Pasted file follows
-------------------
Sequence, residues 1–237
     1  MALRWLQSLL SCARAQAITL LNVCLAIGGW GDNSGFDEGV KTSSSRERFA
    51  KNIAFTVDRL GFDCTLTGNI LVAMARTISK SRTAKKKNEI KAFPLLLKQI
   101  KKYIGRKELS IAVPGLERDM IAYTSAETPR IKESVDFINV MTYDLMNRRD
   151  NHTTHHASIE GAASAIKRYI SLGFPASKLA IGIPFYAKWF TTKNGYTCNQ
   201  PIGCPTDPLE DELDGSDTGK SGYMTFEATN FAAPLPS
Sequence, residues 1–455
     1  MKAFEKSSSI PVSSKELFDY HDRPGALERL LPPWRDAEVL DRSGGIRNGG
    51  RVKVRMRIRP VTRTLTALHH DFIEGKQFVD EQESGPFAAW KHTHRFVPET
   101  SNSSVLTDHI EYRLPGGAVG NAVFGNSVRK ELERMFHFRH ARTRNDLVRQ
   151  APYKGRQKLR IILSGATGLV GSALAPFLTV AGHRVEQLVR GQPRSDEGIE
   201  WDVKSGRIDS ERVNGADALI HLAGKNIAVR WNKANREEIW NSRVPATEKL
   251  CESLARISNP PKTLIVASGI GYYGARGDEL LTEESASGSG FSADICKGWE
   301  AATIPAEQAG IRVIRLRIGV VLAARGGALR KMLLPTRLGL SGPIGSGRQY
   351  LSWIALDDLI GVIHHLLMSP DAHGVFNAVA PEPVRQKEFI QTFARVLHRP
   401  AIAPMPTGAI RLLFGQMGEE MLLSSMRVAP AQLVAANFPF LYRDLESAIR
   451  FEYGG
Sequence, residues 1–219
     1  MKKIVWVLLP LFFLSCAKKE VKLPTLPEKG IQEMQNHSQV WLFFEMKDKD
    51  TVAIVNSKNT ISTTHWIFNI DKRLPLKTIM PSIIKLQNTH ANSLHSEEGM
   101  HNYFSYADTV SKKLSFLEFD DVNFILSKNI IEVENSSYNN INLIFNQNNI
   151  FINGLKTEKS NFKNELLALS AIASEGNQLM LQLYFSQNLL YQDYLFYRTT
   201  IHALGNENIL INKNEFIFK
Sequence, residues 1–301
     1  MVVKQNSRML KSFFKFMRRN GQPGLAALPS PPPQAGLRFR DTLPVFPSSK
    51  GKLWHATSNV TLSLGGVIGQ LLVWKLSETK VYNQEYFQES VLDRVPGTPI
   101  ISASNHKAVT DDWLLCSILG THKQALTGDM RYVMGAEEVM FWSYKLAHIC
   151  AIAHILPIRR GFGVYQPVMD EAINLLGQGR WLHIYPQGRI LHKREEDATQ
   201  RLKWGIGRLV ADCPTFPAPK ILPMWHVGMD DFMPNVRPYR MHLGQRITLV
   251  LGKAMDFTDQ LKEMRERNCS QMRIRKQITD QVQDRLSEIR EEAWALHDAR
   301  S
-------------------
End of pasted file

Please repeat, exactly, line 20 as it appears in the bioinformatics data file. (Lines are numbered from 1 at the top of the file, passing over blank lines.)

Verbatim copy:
    51  TVAIVNSKNT ISTTHWIFNI DKRLPLKTIM PSIIKLQNTH ANSLHSEEGM